Willis Alan Ramsey with Robert Cline, Jr
Over 40 years after the release of his wildly influential self-titled album on Leon Russells seminal Shelter Records, Willis Alan Ramsey returns to touring in advance of a long-anticipated follow-up.
Ramseys debut in 1972 earned scores of accolades from artists ranging from The Allman Brothers to Shawn Colvin. The album was mined by many artists for their own projects and performances, including Jimmy Buffett (Ballad of Spider John), Jimmie Dale Gilmore (Goodbye Old Missoula), Shawn Colvin (Satin Sheets), Captain & Tennille (Muskrat Love/Candlelight), Jerry Jeff Walker (Northeast Texas Women), Waylon Jennings (Satin Sheets), New Grass Revival (Watermelon Man), and many more.
Since that landmark first release, Ramsey has toured only occasionally, spending time instead with his family, honing his craft in Austin, Nashville and London, educating himself in the science of audio recording and composing new songs, some of which will appear on his upcoming album, Gentilly. His new songs have received critical acclaim as well, including Lyle Lovetts recordings of Sleepwalkin, North Dakota and Thats Right (Youre Not From Texas), cowritten with his wife, Alison Rogers, as well as Eric Claptons recent recording of Willis Positively.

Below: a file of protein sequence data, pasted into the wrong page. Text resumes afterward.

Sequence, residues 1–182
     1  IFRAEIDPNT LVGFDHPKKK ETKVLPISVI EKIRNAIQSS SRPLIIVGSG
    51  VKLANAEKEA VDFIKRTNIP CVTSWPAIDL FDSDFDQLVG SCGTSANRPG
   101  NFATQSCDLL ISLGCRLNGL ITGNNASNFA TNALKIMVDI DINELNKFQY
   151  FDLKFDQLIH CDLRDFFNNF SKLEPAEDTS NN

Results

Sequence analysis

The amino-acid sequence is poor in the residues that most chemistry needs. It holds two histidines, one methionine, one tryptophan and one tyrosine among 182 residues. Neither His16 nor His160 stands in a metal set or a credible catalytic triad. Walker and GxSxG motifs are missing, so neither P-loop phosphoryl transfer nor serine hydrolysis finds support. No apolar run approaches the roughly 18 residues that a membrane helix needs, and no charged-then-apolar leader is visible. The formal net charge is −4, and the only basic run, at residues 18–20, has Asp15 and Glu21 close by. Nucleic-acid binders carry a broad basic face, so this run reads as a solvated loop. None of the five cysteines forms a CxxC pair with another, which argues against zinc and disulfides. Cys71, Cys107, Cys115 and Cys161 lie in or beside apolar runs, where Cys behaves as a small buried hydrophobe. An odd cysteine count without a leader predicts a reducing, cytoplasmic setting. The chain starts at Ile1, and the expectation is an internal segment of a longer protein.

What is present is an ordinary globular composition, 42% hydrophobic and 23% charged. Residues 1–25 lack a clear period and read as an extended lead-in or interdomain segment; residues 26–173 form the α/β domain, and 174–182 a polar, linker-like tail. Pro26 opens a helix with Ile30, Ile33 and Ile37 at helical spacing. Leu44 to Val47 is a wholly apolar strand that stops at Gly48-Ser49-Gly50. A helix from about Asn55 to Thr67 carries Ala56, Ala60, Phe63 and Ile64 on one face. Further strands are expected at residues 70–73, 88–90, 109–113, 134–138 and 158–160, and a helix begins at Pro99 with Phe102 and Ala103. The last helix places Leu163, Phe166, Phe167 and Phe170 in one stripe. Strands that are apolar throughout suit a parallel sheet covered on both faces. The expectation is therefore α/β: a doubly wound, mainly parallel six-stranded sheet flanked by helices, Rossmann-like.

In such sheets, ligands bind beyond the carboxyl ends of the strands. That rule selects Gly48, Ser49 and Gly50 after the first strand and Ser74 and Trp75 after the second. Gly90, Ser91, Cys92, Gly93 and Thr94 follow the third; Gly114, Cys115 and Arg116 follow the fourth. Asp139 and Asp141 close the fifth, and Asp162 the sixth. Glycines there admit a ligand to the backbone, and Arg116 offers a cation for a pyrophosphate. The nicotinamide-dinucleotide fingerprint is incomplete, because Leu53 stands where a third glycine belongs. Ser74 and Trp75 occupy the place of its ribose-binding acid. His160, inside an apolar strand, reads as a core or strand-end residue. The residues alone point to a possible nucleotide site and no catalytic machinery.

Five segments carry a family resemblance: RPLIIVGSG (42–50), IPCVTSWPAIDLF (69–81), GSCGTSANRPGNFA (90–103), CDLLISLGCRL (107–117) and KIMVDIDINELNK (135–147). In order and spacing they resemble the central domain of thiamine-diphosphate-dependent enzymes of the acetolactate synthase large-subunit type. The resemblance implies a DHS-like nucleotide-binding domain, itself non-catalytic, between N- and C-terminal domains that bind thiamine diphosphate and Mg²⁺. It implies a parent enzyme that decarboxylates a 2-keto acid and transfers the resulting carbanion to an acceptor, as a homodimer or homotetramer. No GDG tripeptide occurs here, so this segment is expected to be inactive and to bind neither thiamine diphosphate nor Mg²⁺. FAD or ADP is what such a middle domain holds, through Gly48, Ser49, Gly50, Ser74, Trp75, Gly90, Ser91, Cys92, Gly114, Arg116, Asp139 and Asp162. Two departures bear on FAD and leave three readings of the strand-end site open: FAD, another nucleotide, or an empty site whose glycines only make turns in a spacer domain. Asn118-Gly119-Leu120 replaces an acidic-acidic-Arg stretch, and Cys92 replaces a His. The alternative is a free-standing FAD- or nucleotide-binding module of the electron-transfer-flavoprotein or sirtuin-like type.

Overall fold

Ramseys infrequent personal appearances always garner excitement among some of the top critics in the country as well as from his fellow artists.
His cozy, orderly, tiny-detail songs express a willful turnabout from hippie chaos, a visceral reaction particular to the early 1970s, wrote Ben Ratliff for The New York Times. His songs are sweet, emotionally guarded and often musically complex, fitting strains of melody together that seem as if they ought not connect, expertly using rhythmic displacement as the words and chords unspool. Perfection is terrifying, and some of these songs felt spooky.
Willis Alan Ramsey is living proofthat reward and reverence come from quality, not quantity, says Mario Tarradell of The Dallas Morning News.
You might not have seen him lately, writes John T. Davis of The Austin American Statesman, but if youve listened to Shawn, Lyle or Jimmie Dale, youve heard him.
And from No Depression, Even if Ramsey had made a dozen more albums, this would still be the record that no home should be without.
Everybody owned this record when I lived in Austin in 1977. Thats because its great and them Texans knew it. I think Lyle is great, but tell me he didnt learn something from Willis.Shawn Colvin
I learned every song off his record. I went to see him every time he played, got tennis shoes like his. I wanted to be Willis Alan Ramsey.Lyle Lovett
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